31 Ibid. p. 122-123. Grace Vaughan was requesting restitution.

32 Vaughan’s will was recorded July 29, 1656. p. 193 of Northampton County Virginia Record Book: Orders, Deeds and Wills, Vol 5.

33 Ibid. p. 191-192. William Thorne, John Shippwaye and Stephen Horsey made the oath. They were the overseers and testes to the will of Vaughan as can be seen in the original transcribed will p. 193. In Ye Kingdom of Accawmacke, the will of Richard Vaughan is mistakenly said to be Mr. Grace Vaughan’s will. p. 287.

34 Ye Kingdom of Accawmacke p. 287.

35 Transcribed original will in Northampton County Virginia Record Book: Orders, Deeds and Wills, p. 193.

36 Ibid. Vol. 6, 7-8. p. 91. This took place on June 25, 1656. Grace Vaughan went onto marry Colonel Thomas Lambert on February 2, 1657 of Lower Norfolk County. The servants, Galatia and her three daughters-- Temperance, Jane and Sussan were all sold to Lambert. Upon Grace’s death they were assigned to go to John Walthome, and the “Negro” woman, Galatia, never got the freedom Vaughan promised her. Also, the plantation left to Walthome became a part of Lambert’s estate and he was only required to give John Walthome half of it to share with the servants upon Grace’s death. Vol. 7-8. p. 29-30. Lambert revoked all the power Grace had with regard to Vaughan’s estate in a court proceeding on p. 144. He actually relieved all people indebted to Vaughan when the estate became his personal property.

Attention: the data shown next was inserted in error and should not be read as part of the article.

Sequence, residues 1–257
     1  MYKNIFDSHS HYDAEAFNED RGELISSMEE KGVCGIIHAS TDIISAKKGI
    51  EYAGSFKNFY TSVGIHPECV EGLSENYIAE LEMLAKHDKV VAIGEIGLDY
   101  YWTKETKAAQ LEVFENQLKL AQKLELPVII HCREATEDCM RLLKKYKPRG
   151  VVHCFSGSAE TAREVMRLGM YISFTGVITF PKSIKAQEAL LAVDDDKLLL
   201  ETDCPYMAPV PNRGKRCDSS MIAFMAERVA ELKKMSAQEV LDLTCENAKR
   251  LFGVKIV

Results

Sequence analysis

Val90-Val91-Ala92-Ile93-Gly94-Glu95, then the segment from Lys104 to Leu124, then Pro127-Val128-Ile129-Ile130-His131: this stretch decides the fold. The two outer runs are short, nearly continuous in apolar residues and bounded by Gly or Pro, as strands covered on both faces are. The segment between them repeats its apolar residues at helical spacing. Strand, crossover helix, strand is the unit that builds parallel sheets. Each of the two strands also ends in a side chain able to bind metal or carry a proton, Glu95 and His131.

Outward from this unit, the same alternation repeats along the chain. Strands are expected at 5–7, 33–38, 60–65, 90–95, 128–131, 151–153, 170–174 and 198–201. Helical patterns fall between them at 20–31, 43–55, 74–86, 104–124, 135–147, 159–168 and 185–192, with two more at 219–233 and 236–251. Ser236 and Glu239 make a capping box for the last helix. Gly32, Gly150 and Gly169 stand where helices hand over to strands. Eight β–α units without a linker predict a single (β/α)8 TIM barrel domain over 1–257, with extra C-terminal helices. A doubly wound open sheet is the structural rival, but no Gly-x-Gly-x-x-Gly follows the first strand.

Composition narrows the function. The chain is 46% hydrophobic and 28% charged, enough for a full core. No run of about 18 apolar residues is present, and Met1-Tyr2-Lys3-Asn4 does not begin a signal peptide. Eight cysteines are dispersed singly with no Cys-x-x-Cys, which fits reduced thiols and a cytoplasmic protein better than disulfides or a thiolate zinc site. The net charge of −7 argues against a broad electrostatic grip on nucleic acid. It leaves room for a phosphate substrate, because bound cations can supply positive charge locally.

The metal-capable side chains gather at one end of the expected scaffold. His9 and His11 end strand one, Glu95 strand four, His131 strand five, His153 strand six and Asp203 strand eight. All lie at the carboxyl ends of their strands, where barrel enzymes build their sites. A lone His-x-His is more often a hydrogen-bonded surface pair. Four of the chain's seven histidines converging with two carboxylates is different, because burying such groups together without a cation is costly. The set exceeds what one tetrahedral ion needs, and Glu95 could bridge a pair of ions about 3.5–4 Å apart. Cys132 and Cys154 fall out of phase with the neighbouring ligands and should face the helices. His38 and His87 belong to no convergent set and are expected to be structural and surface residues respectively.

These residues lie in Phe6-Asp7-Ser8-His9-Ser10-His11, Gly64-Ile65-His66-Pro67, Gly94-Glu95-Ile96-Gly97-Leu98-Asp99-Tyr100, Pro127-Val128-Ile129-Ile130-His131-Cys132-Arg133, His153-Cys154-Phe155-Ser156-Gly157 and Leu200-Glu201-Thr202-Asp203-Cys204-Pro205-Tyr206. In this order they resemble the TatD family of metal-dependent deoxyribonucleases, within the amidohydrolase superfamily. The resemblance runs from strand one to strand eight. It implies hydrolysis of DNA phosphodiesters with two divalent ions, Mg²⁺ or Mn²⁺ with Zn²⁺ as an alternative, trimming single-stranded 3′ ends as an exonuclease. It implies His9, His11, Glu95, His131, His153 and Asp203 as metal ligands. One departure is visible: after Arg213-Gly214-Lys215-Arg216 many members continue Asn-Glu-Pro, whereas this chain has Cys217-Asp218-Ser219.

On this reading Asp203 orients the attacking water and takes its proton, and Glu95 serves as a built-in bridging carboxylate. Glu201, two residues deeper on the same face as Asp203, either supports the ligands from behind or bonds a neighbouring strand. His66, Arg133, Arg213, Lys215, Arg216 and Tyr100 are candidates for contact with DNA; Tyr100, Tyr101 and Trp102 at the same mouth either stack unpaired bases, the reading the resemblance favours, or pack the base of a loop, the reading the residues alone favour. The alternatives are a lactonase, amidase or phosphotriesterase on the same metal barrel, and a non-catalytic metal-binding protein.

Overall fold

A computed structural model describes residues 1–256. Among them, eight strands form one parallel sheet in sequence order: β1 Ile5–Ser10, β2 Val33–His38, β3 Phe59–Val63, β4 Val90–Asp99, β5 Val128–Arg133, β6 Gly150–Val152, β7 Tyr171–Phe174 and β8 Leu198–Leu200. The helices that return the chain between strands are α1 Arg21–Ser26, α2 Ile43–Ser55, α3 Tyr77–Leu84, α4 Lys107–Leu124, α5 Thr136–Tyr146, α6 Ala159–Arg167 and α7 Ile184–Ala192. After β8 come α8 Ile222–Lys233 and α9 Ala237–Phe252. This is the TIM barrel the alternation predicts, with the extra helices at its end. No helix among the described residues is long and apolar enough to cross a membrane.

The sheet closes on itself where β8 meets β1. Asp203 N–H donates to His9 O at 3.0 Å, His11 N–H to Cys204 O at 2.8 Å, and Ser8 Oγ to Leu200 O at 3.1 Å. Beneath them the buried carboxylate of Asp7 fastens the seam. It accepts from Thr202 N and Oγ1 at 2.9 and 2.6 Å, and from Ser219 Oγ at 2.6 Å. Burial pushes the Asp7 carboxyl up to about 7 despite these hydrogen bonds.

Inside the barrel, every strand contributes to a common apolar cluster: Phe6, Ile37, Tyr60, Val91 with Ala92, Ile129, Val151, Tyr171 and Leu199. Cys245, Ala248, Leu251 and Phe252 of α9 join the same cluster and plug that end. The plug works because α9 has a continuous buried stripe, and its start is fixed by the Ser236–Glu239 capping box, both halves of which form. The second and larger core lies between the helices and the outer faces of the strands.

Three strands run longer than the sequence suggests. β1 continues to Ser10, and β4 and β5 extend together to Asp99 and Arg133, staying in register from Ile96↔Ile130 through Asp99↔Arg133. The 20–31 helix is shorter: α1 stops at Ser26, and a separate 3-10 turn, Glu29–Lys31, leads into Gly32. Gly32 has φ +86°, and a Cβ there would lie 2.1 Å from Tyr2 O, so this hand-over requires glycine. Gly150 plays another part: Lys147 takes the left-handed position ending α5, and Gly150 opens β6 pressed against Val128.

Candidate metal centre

Works Used

Abstracts of Wills and Administrations of Northampton County, Virginia 1632-1802. Compiled by James Handley Marshall. 1994. Maine: Picton Press.

Ames, Susie M. Studies of the Eastern Shore in the Seventeenth Century. 1940 Richmond: Dietz Press.

Cavalier’s and Pioneers: Abstracts of Virginia Land Patents and Grants. Compiled by Nell Marion Nugent. 1979. Vol I. Baltimore: Genealogical Publishing Co. Inc.